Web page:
I woke early in the morning and got ready in anticipatory silence to head to the hospital. I’m impartial to hospitals but I push back the memories of the last major visit I had. I remembered being forced to get up and walk, the discomfort and physical pain of my surgical wounds. Oh boy, here it starts…
After the “delightful” and necessary admin of checking in, I was left to the even more delightful standard issue hospital gown and underwear. Some things don’t change! I was nervous as labels were affixed to my wrist; a point of no return.
Day 1 – 2: I awoke a few times in ICU, dazed and unfazed.
Day 3 – 4: Back in the general ward, I was relieved when welcome familiar faces of family and friends told me everything had gone well. Drips, catheter, comfy pillow and company. I didn’t need more and I slept a lot.
I swung between foggy-in-the-head and weepy – anaesthetic, I guess – to not sleeping well in the unfamiliar surroundings. One minute I wanted to scream at the woman coughing in the corner. The next I wanted to cry out of frustration. Then there were the hot sweats which weren’t helped when the old lady wanted the aircon switched off and the nurses weren’t strong enough to open an old window. I resumed my hormone pills thereafter! It’s amazing how underrated the effects of unbalanced hormones can be and it’s not like taking a pill for a headache because you don’t realise what the cause of the disruption is about.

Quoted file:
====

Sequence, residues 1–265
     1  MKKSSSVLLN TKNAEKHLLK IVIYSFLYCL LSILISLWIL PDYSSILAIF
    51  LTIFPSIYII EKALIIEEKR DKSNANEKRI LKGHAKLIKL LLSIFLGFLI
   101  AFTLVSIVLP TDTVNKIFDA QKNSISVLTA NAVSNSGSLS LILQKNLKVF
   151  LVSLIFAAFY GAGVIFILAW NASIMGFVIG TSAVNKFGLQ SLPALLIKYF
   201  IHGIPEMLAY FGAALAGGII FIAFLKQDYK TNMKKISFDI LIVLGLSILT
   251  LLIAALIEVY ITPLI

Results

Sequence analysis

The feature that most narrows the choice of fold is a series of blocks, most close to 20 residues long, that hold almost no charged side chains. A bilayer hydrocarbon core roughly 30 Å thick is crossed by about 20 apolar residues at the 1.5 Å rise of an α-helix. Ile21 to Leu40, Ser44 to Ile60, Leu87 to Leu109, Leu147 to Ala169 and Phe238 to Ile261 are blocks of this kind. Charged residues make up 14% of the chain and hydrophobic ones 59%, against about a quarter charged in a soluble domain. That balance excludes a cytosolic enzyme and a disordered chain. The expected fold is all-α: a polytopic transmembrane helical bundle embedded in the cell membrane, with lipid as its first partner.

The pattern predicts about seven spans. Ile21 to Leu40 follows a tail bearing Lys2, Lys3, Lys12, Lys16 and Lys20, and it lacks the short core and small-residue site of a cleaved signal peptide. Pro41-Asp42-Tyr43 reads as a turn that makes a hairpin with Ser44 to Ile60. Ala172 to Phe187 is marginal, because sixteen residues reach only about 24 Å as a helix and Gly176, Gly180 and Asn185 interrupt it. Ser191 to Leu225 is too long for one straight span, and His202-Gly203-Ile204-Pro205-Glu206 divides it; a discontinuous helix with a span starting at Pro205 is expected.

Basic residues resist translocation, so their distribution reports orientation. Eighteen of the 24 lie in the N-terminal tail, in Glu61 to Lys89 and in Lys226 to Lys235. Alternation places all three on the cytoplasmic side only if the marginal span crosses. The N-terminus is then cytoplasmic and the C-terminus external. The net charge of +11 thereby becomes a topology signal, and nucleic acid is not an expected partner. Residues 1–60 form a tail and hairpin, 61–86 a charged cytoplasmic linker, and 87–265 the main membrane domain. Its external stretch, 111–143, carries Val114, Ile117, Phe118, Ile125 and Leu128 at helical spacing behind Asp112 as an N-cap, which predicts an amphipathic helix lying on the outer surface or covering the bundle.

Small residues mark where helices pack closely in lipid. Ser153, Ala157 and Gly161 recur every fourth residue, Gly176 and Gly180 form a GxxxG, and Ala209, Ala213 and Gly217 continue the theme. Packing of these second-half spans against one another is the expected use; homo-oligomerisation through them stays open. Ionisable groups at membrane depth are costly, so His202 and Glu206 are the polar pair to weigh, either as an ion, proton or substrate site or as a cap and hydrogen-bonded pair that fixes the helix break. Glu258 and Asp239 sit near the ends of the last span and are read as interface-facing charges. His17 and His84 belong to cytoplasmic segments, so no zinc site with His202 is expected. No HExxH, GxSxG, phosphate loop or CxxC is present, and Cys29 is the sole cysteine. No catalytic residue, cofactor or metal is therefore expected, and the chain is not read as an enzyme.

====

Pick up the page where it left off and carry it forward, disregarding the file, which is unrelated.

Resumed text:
Day 5: On his rounds, the surgeon approached the foot of my bed, file-bearing nursing sister in tow with my results. It’s the same tumour as before. Weird since I don’t have ovaries for it to be ovarian cancer. I’ll figure that out later. He announced he’d got it all out! Tests show the tumour marker at 264. Good news but my mind was quickly over the victory and onto the next hurdle – now it’s up to the oncologist as to how to proceed. I looked for other small victories to distract myself and celebrated being able to mostly wash myself, walk to the toilet and sit in a chair for a while. Baby steps, but with the catheter and drips removed I felt more self-sufficient and in control.
Day 6: My sense of humour works well to keep me buoyant and let everyone know I’m ok. I told the surgeon he performed the wrong op on me and dispatched me with someone else’s girth & legs! He prescribed pills to relieve the water retention presumably caused by all the fluid they’d pumped into me. I told him I really wanted oats that morning so he ok’d soft foods! (I’m such a control freak!) Another small victory to get back life’s simple pleasures. For the first time since the op, I felt like eating and finished a yoghurt and tea.
I saw my belly wound for the first time. He’d cut along the same scar from before. Gutted like a fish with 31 clamps.
On day 7, I was discharged and exhausted, returned home to recover.